Neith, 1996, Cover photograph
Wood, Wind and Water
A Story of the Opera House Cup Race of Nantucket Photographs by Anne T. Converse Text by Carolyn M. Ford Live vicariously through the pictures and tales of classic wooden yacht owners who lovingly restore and race these gems of the sea. “An outstanding presentation deserves ongoing recommendation for both art and nautical collections.” 10”x12” Hardbound book; 132 pages, 85 full page color photographs; Price $45.00 For more information contact: Anne T. Converse Phone: 508-728-6210 email@example.com www.annetconverse.com
OWNER’S STATEMENT: Statement filed 9/16/19 required by the Act of Aug. 12, 1970, Sec. 3685, Title 39, US Code: Sea History is published quarterly at 5 John Walsh Blvd., Peekskill NY 10566; minimum subscription price is $17.50. Publisher and editor-inchief: None; Editor is Deirdre E. O’Regan; owner is National Maritime Historical Society, a non-profit corporation; all are located at 5 John Walsh Blvd., Peekskill NY 10566. During the 12 months preceding October 2019 the average number of (A) copies printed each issue was 25,464; (B) paid and/or requested circulation was: (1) outside county mail subscriptions 7,148; (2) in-county subscriptions 0; (3) sales through dealers, carriers, counter sales, other non-USPS paid distribution 4,981; (4) other classes mailed through USPS 285; (C) total paid and/or requested circulation was 12,414; (D) free distribution by mail, samples, complimentary and other 11,583; (E) free distribution outside the mails 638; (F) total free distribution was 12346; (G) total distribution 24,583; (H) copies not distributed 881; (I) total [of 15G and H] 25,464; (J) Percentage paid and/or requested circulation 51%. The actual numbers for the single issue preceding October 2019 are: (A) total number printed 25,750; (B) paid and/or requested circulation was: (1) outside-county mail subscriptions 6,959; (2) in-county subscriptions 0; (3) sales through dealers, carriers, counter sales, other nonUSPS paid distribution 4,918; (4) other classes mailed through USPS 295; (C) total paid and/or requested circulation was 12,162; (D) free distribution by mail, samples, complimentary and other 11,865; (E) free distribution outside the mails 350; (F) total free distribution was 12,500; (G) total distribution 24,662; (H) copies not distributed 1,088; (I) total [of 15G and H] 25,750 (J) Percentage paid and/or requested circulation 49%. I certify that the above statements are correct and complete. (signed) Burchenal Green, Executive Director, National Maritime Historical Society.
Much of the combat of WWI took place within or near miles of trenches. These troughs were reinforced with sandbags made of jute fibers. The raw jute was separated and twisted by hand into heads or bundles, then put through a machine to soften or spread the fibers. The strands were then sprayed with a whale oil emulsion, then left for several days to allow the liquid to fully penetrate the filaments. The resulting yarns were then carded, drawn, spun, and finally woven into the sandbag fabric. The soldiers who walked, stood, or sat in these waterlogged and poorly drained muddy trenches found it difficult to keep their feet dry through leather boots and cotton or woolen stockings. The soldiers’ feet remained cold and wet, often for days on end, and, as a result, a malady called “trench foot” became commonplace. Also, pathogens such as the tetanus bacterium, thrived in the trenches’ mire. Because of compromised circulation, damaged feet became infected, resulting in swelling, numbness, puss-filled inflamed lesions, blackening of the toes, and peeling skin. Whale oil provided waterproofing for both their boots and skin. Whale grease, although sometimes malodorous, protected soldiers’ faces from the bitter cold. On the home front, there were shortages of vegetable oils and butter. Whale oil was used to make solid fat derivative that led to a process that turned the by-product of soapmaking into a primitive form of margarine. In order to make the whale oil an edible fat for human consumption, it had first to be hydrogenated to remove the dark color and fishy taste and odor. The process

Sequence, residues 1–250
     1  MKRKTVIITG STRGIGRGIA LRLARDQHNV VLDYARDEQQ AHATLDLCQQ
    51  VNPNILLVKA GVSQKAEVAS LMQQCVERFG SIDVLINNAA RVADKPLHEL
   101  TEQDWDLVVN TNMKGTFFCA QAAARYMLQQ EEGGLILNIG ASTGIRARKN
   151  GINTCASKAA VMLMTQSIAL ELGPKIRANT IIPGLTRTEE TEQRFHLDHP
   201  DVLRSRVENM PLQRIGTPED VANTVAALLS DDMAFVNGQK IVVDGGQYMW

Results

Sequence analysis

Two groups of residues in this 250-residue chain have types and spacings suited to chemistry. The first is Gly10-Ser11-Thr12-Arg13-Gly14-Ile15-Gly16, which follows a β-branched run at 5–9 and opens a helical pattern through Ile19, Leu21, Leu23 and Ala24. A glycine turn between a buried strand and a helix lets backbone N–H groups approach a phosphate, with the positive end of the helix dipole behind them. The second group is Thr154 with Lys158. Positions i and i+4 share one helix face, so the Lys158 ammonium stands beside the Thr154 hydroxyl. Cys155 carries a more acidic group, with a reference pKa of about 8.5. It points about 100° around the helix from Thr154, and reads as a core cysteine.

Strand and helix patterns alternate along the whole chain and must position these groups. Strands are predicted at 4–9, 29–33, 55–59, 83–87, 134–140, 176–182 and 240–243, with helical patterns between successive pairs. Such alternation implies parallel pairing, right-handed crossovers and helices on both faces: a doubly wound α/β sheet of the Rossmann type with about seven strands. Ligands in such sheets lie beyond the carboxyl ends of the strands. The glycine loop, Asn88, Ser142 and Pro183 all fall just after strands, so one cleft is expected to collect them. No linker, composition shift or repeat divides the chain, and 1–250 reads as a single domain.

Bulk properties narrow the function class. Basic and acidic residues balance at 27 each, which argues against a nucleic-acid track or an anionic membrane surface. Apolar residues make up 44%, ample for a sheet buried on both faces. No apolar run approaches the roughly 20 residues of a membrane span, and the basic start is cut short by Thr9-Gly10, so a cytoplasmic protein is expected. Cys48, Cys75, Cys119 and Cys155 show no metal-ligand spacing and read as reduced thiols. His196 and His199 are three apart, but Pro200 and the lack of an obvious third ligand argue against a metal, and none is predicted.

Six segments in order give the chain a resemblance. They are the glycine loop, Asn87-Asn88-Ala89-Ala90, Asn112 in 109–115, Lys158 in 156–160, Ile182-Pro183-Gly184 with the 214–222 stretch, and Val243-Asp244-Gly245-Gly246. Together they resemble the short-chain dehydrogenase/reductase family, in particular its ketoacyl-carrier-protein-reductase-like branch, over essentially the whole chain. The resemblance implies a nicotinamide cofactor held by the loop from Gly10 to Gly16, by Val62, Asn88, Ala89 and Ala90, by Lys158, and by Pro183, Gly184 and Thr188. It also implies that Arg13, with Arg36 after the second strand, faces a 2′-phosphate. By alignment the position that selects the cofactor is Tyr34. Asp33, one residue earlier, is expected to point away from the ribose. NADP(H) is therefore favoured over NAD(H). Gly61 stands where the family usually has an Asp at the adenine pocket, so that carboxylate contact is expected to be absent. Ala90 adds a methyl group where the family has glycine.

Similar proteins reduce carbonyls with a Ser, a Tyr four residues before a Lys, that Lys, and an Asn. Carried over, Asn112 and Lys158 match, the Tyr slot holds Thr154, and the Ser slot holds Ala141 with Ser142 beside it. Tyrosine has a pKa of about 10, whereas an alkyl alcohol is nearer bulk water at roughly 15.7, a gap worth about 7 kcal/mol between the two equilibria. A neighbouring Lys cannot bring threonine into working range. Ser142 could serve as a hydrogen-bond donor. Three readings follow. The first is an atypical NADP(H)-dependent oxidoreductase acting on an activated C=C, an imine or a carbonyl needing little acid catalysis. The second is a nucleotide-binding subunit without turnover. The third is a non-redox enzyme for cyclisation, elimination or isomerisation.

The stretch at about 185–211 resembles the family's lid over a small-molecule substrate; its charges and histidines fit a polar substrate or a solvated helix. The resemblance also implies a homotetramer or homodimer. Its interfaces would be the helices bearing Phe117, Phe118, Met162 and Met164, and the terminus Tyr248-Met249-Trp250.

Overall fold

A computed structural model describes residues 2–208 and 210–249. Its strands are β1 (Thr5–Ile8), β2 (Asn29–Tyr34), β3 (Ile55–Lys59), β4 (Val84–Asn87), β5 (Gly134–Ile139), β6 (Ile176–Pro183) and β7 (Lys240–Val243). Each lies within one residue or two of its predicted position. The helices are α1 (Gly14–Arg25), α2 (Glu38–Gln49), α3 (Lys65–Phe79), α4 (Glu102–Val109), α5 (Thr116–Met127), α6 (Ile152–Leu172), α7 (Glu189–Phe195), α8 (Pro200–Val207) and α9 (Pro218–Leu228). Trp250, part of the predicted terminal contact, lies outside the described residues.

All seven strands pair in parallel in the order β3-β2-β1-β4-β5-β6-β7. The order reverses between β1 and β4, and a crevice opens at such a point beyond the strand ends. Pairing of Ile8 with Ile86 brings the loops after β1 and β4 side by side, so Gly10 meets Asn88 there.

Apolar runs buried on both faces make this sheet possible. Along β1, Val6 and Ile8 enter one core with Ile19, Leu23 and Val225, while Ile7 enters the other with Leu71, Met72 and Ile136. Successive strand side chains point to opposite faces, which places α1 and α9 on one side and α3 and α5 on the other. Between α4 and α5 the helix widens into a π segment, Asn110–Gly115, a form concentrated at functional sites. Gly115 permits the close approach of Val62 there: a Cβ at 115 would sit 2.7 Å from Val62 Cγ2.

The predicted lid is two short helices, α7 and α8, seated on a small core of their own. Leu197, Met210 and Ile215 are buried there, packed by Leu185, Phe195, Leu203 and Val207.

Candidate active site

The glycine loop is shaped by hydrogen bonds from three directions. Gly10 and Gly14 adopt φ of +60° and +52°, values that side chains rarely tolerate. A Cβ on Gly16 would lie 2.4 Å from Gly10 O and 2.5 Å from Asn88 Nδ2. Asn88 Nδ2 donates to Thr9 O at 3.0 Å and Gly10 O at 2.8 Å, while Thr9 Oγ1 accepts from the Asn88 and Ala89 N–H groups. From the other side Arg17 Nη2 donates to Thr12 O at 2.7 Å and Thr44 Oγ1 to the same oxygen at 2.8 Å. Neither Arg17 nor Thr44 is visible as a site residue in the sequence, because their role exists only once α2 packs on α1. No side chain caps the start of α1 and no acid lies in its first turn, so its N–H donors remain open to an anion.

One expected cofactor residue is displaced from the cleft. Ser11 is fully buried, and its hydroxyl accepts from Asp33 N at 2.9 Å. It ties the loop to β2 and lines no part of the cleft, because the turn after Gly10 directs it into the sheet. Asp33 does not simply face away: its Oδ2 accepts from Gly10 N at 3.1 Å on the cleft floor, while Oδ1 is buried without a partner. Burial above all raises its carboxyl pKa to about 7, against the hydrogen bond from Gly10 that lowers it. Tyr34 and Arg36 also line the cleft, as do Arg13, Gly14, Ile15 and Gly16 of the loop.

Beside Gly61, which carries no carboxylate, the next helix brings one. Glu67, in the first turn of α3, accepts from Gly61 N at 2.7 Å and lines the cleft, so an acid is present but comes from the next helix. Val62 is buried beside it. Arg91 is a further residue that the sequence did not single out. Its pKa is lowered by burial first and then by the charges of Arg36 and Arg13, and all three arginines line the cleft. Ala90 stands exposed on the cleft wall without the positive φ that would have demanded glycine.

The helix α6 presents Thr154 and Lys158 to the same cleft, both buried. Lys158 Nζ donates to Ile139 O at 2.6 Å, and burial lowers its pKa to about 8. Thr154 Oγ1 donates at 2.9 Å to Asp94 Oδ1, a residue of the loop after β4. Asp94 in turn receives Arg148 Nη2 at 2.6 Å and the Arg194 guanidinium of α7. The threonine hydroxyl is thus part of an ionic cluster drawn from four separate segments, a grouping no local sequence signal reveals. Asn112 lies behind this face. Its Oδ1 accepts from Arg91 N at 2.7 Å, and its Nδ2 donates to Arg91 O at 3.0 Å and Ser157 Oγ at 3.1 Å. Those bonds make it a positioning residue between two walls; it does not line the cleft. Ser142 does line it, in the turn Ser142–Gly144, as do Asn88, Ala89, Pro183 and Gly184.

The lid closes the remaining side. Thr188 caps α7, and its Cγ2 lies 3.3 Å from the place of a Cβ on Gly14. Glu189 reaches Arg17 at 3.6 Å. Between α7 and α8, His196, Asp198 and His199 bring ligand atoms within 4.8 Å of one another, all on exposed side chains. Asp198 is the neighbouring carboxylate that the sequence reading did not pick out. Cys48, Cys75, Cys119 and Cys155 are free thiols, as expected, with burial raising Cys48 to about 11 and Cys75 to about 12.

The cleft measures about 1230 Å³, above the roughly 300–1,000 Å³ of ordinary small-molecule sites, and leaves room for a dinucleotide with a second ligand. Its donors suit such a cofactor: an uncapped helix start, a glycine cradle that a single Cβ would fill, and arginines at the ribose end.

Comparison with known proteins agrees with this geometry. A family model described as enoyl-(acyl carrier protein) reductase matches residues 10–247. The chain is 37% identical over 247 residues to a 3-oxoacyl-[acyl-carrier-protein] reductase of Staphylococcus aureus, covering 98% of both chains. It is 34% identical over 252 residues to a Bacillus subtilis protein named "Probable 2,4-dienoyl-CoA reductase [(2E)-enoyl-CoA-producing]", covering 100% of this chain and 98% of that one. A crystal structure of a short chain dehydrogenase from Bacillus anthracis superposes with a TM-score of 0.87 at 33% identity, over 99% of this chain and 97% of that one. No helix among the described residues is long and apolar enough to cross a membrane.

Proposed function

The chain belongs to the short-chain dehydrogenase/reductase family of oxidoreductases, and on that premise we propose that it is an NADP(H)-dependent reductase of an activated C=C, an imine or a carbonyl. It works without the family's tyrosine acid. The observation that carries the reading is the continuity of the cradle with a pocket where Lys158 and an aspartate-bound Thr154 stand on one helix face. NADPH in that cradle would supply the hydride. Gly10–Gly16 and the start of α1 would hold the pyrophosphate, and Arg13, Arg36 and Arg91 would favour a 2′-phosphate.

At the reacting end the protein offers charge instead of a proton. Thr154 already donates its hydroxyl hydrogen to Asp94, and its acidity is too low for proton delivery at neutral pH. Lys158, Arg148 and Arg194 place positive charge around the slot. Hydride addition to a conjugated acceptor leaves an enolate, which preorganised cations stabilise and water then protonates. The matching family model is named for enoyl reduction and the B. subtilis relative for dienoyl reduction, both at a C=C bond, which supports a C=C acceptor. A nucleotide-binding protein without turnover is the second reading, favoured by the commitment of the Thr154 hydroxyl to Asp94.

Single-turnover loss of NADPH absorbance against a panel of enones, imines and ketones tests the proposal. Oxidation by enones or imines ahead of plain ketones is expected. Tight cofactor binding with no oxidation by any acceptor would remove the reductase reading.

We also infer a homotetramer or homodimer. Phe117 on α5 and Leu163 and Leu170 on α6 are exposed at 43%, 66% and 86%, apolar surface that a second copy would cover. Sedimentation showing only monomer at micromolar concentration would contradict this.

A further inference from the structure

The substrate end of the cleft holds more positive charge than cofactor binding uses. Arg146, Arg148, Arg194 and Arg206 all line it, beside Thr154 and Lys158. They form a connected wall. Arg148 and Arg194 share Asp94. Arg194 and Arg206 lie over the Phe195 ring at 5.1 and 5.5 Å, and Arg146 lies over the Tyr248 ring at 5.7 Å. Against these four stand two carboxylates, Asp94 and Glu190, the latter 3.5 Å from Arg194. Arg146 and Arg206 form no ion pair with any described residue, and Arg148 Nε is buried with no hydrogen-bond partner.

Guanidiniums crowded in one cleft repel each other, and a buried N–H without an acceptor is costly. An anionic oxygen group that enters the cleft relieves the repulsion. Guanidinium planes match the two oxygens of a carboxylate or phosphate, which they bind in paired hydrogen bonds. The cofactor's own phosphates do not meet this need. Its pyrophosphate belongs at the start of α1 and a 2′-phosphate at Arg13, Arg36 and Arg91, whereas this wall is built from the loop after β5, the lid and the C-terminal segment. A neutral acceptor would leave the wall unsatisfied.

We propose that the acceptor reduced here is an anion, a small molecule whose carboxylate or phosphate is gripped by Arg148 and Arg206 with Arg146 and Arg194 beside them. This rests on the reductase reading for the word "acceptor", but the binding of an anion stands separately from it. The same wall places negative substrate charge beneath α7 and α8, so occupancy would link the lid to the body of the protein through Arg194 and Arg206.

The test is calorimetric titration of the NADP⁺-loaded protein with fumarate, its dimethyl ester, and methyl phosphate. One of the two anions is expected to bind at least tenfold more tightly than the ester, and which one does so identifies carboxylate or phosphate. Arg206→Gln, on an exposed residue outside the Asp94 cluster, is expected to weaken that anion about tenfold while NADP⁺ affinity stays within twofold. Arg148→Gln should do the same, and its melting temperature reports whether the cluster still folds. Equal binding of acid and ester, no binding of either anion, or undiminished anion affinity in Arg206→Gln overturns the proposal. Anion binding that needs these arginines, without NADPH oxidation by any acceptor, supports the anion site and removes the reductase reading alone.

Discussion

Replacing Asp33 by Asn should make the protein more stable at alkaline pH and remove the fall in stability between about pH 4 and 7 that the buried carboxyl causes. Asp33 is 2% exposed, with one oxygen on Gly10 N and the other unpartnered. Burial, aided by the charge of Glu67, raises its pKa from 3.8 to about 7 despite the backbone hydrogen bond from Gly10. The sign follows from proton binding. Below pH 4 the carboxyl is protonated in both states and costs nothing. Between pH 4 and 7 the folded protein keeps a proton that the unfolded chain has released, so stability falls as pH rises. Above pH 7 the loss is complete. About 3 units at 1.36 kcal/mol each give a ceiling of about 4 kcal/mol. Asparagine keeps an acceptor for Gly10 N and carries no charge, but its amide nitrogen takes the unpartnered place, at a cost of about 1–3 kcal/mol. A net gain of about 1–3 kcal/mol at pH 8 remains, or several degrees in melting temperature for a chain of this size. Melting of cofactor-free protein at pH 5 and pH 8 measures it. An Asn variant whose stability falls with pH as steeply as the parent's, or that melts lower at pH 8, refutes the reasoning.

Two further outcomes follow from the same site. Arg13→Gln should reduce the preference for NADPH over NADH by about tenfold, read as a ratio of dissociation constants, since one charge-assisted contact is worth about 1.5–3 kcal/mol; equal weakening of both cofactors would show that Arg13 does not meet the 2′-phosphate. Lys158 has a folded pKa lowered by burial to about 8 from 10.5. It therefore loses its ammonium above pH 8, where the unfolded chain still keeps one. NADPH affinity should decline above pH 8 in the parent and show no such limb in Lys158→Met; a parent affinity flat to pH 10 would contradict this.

consisted of blowing hydrogen through the oil in the presence of a catalyst. Thus, the civilian population benefited as well as the waning whaling industry. Therefore, whaling had a brief renaissance at the beginning of the last century and played a largely forgotten and unrecognized role in World War I. Louis Arthur Norton West Simsbury, Connecticut Inspired to Keep Painting I wish to thank you for all I keep seeing in Sea History. The one article that blew my mind was the art feature on Maarten Platje (No. 167, Summer 2019) and his extraordinary paintings. I’m stunned at the pure perfection of his canvases. I look forward to catching up on more reading. We have recently been entertaining a handful of genius painters (Don Demers, Russ Kramer, Chris Blossom, and Richard Land). I am fortunate to count this group (and their wives and partners) as close friends. My current effort is a painting of South Street in New York City, one of my favorite subjects to study and paint. I’ve also been finishing up some smaller works. My style is always to do small oils and sketches before switching to a larger picture. I still retain my enthusiasm and feel it my duty to fight on to the finish and enjoy having a go at something small—and maybe make someone happy in the process. I appreciate receiving each issue of Sea History and treasure its content. It inspires me to press on and continue to do my best. John Stobart Westport, Massachusetts
Sketch by John Stobart of the East River with a view of the Brooklyn Bridge.
courtesy john stobart
Anne T. Converse Photography
SEA HISTORY 169, WINTER 2019–20